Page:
There is a vast distance between living on the street in Bristol to making it big in Nashville. Nevertheless, that’s the impressive move that Yola – full name Yola Quartey – has made over the past couple of years.
If there’s one thing you notice, and fall in love with, instantly, it’s her voice! The way it fills her two records, 2019’s Walk Through Fire and 2021’s Stand for Myself – a buffet of country-soul and break-up songs, backed with fiddle, mandolin, Wurlitzer, and produced by Dan Auerbach of The Black Keys.
It isn’t just the big, blunt end of Yola’s powerhouse voice that impresses. Its real magic lies in its depths of emotion and experience, and a dynamic range that can move from comforting whisper to full-on war cry within the space of a couple of lines.
2020 was a wild ride for Yola. She was nominated for no less than four Grammys, she’d been cast as the rock pioneer Sister Rosetta Tharpe in Baz Luhrmann’s forthcoming biopic Elvis. She had also landed a support job on country rocker Chris Stapleton’s forthcoming tour. Then the pandemic struck!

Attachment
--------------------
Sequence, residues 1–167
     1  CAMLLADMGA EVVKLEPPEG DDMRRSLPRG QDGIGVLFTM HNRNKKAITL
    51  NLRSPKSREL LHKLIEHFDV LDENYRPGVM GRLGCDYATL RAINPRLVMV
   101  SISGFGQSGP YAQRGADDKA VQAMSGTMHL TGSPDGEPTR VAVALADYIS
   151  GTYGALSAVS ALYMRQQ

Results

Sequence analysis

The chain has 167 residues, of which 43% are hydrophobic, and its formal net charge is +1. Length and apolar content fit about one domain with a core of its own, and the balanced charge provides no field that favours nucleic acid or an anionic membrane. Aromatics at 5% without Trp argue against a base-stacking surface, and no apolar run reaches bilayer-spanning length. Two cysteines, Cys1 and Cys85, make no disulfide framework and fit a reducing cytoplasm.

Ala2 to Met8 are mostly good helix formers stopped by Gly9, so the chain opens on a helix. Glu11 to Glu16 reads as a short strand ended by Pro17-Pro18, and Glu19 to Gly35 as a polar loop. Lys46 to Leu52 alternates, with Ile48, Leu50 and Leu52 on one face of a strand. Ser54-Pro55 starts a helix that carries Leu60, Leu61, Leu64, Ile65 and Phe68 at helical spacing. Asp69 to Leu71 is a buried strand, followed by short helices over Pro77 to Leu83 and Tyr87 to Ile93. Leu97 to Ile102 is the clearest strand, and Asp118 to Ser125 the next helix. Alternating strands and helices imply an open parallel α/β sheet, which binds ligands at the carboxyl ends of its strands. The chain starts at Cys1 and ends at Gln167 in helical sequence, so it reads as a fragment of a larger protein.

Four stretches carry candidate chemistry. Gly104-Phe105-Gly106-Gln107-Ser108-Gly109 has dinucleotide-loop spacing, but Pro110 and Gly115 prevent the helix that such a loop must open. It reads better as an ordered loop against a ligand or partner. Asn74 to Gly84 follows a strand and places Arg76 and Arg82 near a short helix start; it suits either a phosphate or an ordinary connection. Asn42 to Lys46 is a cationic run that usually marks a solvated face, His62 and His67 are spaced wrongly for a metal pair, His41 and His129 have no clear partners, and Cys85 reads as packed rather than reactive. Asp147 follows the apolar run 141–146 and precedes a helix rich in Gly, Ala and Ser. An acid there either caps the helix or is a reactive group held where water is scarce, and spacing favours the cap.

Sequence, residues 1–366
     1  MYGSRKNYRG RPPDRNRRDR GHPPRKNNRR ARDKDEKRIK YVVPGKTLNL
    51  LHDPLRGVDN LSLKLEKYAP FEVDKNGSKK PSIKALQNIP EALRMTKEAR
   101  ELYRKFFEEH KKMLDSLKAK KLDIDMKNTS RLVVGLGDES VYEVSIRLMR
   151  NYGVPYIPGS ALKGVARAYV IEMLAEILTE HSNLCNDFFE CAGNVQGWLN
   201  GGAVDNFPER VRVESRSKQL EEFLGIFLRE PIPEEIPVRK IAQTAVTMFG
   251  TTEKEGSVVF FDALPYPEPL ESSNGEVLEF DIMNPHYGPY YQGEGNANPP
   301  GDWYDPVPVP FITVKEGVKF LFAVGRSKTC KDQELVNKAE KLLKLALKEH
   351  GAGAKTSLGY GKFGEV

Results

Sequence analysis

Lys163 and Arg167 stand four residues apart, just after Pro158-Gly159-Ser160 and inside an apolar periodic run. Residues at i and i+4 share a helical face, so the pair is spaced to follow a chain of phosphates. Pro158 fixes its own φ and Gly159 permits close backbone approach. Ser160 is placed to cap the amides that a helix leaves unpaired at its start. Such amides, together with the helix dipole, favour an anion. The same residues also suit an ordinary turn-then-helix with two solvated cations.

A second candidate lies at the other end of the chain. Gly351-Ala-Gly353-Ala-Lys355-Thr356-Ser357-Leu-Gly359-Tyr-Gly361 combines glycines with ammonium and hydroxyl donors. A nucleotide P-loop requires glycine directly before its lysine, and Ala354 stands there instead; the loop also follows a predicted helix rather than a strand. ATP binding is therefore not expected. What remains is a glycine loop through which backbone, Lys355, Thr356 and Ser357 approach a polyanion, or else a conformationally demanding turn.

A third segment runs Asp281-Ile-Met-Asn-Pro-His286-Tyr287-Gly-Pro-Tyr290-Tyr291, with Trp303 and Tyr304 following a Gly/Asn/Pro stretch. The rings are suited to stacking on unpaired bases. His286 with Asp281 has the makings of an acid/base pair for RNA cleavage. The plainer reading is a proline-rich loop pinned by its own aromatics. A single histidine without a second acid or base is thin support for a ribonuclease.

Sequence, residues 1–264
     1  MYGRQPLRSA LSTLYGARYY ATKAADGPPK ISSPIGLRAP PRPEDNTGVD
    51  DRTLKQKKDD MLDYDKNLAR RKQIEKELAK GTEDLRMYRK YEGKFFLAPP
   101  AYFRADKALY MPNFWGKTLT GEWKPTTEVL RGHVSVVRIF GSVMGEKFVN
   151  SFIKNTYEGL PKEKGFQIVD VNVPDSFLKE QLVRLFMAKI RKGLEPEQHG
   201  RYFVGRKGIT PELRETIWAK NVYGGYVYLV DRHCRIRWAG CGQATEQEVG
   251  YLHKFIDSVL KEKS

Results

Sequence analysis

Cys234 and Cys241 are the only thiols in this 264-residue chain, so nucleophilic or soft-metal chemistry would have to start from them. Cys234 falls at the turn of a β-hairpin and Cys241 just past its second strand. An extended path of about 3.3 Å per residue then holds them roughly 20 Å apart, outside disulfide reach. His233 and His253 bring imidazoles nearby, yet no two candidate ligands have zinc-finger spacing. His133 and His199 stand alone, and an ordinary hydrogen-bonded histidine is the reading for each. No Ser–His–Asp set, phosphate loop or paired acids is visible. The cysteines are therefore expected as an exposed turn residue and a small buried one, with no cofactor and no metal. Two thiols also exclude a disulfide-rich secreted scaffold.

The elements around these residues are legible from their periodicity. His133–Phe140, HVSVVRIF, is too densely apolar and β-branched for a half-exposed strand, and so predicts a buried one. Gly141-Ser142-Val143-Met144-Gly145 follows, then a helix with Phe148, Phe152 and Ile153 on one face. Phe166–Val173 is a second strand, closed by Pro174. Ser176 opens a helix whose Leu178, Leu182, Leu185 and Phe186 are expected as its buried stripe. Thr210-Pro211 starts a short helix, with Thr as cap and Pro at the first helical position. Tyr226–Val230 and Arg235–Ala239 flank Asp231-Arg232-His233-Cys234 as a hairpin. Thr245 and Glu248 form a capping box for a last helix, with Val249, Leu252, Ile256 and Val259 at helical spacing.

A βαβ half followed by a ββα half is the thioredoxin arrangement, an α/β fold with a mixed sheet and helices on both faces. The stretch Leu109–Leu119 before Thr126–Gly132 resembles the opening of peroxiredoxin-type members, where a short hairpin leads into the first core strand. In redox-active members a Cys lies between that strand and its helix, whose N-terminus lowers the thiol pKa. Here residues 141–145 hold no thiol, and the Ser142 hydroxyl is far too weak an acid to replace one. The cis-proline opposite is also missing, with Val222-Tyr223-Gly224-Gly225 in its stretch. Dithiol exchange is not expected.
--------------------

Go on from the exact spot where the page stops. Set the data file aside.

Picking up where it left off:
It gave Yola time and space to make the album Stand for Myself (again with Dan Auerbach as producer), which has been received with loads of star-studded reviews (look here).
Straddling vintage country, orchestral pop and classic soul, Yola expresses an affinity for retro sounds while managing to remain free of cloying imitation or forced pastiche. She has been compared to the likes of Dusty Springfield and Sandie Shaw.
Scroll through Youtube (for instance, look here, here and here) and you’ll quickly find that Yola is just an amazing singer live as she is on record. Her melodic, resonant singing is so sweeping in scope it can bear hug everything within reach. Her sweet tunes are delivered by an exceptional backing band – so expect a concert full of great emotions when Yola performs at Roskilde Festival.